As in Egypt and elsewhere throughout the Islamic world, the aboriginal community of Christian believers (and other faiths) are under immense stress. Next time a Muslim preaches ”islam is peace” to you, tell them about how these minorities and others are traditionally treated in Muslim lands. As well as telling them how much they should be respecting Western culture that allows them to preach their bull crap in public without being accosted.
Turkey is home to one of the oldest Christian populations in the world, the Suriyani, who fled during recent conflict. In the last few years they’ve been returning, but problems with their resettlement are apparent.
For 1,600 years the bell at Mor Gabriel in southeastern Turkey has tolled, calling people to prayer. Everything about the Syriac Orthodox monastery here is ancient.
The ceremonies are conducted in Aramaic, a language spoken at the time of Christ. Known as the second Jerusalem, the monastery is not only considered important for Syriac Christians, but the wider Christian faith. But a ruling by Turkey’s highest court in favor of the Turkish state over the ownership of monastery land has cast a shadow over its future.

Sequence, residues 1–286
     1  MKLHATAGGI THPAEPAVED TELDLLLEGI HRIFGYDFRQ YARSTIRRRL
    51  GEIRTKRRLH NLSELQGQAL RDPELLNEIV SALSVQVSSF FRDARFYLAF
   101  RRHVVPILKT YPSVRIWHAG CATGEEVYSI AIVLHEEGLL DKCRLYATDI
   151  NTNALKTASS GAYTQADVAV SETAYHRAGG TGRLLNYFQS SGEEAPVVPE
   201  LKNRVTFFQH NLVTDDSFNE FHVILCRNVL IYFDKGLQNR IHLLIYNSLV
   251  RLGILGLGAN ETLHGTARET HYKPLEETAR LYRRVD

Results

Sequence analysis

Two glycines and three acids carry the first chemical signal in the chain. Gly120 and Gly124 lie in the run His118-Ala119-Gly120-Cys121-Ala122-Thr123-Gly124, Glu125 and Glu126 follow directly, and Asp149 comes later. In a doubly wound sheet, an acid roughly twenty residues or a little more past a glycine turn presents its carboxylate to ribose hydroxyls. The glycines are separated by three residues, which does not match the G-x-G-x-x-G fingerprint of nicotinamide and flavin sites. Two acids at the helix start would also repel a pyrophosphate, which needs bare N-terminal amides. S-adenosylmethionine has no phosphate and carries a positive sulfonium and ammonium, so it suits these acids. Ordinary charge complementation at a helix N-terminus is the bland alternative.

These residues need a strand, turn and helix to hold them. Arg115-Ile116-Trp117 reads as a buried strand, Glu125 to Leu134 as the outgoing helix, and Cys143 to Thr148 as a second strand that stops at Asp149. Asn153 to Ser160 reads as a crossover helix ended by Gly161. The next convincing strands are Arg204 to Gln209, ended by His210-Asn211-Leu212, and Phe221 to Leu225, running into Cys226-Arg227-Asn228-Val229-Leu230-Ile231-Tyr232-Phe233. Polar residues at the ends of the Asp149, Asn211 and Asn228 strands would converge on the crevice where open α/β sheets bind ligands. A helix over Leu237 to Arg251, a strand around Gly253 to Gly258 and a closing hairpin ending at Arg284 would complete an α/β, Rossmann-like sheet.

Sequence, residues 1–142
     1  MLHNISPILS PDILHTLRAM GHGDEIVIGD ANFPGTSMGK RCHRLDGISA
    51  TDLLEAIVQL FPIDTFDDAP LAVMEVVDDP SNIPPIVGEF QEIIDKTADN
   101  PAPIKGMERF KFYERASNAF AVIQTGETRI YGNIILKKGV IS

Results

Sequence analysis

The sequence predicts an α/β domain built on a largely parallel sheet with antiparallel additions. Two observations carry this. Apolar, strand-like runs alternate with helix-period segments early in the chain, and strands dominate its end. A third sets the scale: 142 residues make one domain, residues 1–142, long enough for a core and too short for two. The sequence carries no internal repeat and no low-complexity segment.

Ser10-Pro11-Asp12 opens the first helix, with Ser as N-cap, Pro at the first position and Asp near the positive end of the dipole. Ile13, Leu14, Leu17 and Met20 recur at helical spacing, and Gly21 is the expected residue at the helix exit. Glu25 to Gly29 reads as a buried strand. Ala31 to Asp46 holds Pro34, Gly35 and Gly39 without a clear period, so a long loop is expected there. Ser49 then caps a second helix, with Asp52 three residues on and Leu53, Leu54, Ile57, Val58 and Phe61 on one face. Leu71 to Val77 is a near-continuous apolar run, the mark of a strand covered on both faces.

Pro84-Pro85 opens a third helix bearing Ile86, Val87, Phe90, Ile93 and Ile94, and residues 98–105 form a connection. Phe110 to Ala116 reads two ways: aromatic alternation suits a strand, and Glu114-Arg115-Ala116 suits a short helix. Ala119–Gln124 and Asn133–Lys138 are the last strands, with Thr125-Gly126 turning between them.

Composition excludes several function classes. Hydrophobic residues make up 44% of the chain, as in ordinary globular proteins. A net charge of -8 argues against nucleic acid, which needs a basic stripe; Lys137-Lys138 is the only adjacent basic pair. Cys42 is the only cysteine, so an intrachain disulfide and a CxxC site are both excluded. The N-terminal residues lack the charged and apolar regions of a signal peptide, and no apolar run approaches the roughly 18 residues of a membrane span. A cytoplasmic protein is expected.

Kuriye Kos is the head of the Mor Gabriel foundation that runs the monastery. “After all these court cases anything can happen,” he told DW. “We have other lands, and there we could also face the same thing. We have been living here for thousands of years.”
Christians still coming home
The controversy comes as Christians had started returning to the area, helping to rejuvenate the region including the main town of Midyat. The overwhelming majority fled to Europe and the US during the 1980s and 1990s at the height of the conflict between the state and Kurdish rebel group PKK.